French cultural life - March 2019
A round-up of news, and those creating ‘le buzz’ in French cultural life
A bumper year for museums
A round up of the arts and culture stories creating a buzz in France
1. Big year for Paris museums
In 2018, leading Paris museums bounced back from the capital’s international tourism slump of recent years (attributed to terror threats) – with some sites posting record visitor figures.
The Centre Pompidou saw a 5% rise in visitors, and the Orsay was up 3%. Its exhibition Picasso. Blue and Rose, ended with a record attendance of 670,667.
Unexpected boons came for the Panthéon, which recorded a 19% year-on-year increase (859,600 visits), benefiting from the June 2018 burial of former Minister Simone Veil. The Sainte-Chapelle (pictured above) was another under-the-radar success with 1.27 million visits (+19.9%).
These and the Arc de Triomphe (up 6.36%) are run by Centre des monuments nationaux (CMN), whose President, Philippe Bélaval, cited “an excellent level of French and foreign tourism in France” and “the fact that we have never talked so much about heritage”, with in particular the promotional work of TV presenter and historian Stéphane Bern and the new lottery dedicated to heritage sites.
2. Gettafix of Obélix this October
Astérix and Obélix fans will be able to enjoy the pair’s latest adventures in October, when the 38th book in the wildly popular series is published.
The plot is fiercely guarded, with only ten people in the know and sharing of pages amongst the writers digitally encrypted to avoid hacking.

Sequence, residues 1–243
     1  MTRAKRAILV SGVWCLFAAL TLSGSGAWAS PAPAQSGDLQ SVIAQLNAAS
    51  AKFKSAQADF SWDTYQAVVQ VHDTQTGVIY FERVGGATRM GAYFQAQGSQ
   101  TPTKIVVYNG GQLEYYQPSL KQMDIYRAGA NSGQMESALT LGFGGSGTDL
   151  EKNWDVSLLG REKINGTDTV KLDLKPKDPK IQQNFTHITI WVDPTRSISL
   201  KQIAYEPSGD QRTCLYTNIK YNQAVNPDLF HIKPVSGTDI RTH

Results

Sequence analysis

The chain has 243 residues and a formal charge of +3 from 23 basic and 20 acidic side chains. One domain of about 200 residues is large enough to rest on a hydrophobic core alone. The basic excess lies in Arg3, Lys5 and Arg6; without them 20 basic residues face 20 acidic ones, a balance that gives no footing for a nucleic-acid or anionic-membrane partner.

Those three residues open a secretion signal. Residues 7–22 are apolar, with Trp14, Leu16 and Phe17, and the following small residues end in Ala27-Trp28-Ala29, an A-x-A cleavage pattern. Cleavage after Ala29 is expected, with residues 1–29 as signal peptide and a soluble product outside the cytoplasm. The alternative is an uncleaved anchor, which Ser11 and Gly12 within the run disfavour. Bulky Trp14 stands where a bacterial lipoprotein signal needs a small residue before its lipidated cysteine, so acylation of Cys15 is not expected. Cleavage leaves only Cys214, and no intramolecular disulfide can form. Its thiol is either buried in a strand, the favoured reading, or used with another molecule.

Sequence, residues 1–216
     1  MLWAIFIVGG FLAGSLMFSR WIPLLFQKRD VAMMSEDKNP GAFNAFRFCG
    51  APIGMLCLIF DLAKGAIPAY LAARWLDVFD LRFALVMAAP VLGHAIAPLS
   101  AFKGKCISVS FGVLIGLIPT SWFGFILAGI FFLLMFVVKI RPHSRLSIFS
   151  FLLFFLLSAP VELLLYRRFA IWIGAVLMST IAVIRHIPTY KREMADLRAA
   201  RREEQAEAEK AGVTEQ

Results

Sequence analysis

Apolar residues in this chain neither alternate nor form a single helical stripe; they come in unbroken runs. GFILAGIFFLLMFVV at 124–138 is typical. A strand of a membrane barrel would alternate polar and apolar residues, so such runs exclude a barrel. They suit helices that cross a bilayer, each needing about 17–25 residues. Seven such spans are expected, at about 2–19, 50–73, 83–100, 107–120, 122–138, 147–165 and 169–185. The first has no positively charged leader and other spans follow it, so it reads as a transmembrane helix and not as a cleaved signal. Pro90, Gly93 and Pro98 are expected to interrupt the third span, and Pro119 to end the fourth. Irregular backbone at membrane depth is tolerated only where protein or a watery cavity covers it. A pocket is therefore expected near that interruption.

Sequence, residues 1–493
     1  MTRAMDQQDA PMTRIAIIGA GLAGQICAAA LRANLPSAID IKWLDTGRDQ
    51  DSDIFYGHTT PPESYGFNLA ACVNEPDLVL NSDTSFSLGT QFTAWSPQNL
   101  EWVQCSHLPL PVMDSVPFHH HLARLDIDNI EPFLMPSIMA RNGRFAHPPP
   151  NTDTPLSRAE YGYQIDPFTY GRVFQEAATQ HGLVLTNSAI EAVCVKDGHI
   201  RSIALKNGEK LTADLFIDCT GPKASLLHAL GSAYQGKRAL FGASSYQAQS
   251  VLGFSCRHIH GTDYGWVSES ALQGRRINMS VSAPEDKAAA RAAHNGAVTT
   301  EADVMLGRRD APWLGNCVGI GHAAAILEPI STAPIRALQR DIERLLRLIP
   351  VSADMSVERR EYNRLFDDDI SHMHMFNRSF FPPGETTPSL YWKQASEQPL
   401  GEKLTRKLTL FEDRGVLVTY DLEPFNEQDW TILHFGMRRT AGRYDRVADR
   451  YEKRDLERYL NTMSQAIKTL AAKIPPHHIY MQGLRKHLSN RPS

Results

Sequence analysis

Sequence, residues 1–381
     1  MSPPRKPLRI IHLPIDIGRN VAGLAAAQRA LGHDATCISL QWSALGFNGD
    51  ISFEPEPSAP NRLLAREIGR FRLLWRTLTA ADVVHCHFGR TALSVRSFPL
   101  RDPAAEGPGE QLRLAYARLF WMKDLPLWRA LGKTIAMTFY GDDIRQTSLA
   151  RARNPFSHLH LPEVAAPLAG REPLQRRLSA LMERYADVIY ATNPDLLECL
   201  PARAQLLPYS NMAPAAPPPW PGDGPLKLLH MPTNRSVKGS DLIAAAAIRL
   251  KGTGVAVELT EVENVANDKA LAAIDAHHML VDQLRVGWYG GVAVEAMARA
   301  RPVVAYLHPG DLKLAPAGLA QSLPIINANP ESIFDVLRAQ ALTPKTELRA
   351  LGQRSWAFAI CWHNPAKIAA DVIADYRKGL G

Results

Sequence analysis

Scriptwriter Jean-Yves Ferri, one of the latest author pairings alongside cartoonist Didier Conrad, offered a tantalising peak at how the story will begin. “We’re at dusk in front of the chief’s hut. We see three enigmatic visitors. If you look closely, you can already deduce things... Remember that someone very important is coming to the village”.
Retired series Creator Albert Uderzo, 91, “rereads and shares his comments with us”, said Ferri. (Co-creator René Goscinny died in 1977).
The book goes to print in June, with 5 million copies set to roll off the presses.
3. Radio France
French public service radio broadcaster. Radio France has sold off some of its historically important musical instruments and outdated broadcasting equipment.
Among the items sold, either in situ at 116 avenue du Président Kennedy in Paris, or online, were instruments such as Steinway and Yamaha pianos, a harp and timpani. Meanwhile, collectors of vintage gear snapped up equipment such as studio 2-track tape recorders, sound console and faders and even studio clocks.
The items were “steeped in the history of Radio France’s medium-sized studios”, said the broadcaster, while a sound engineer commented: “Audio technology is evolving very quickly, but consoles that are ten or twelve years old can last twenty years. They will continue a second life elsewhere.”
The money raised by the sale will be used to renovate and update the studios.
4. Shining a light on homeless ‘invisibles’
A recent film directed by Louis-Julien Petit examines the fate of homeless women who attend a day centre in northern France which is under threat of closure due to funding cuts.
Despite tackling head-on gritty issues faced by the women – violence, prison, life on the streets and re-integration
back into society – the film is packed with humour to off-set the pathos. Its tragi-comic power has been compared to The Full Monty.
Working alongside social workers to reshape their destiny, the womens’ resilience shines through. What is more remarkable is that, alongside established and popular actresses such as Audrey Lamy (whom you may recognise from TV comedy Scènes de Ménages) and Corinne Masiero, around 15 non-professional actresses have speaking parts.
The director spent a year as a volunteer in women’s shelters in Grenoble.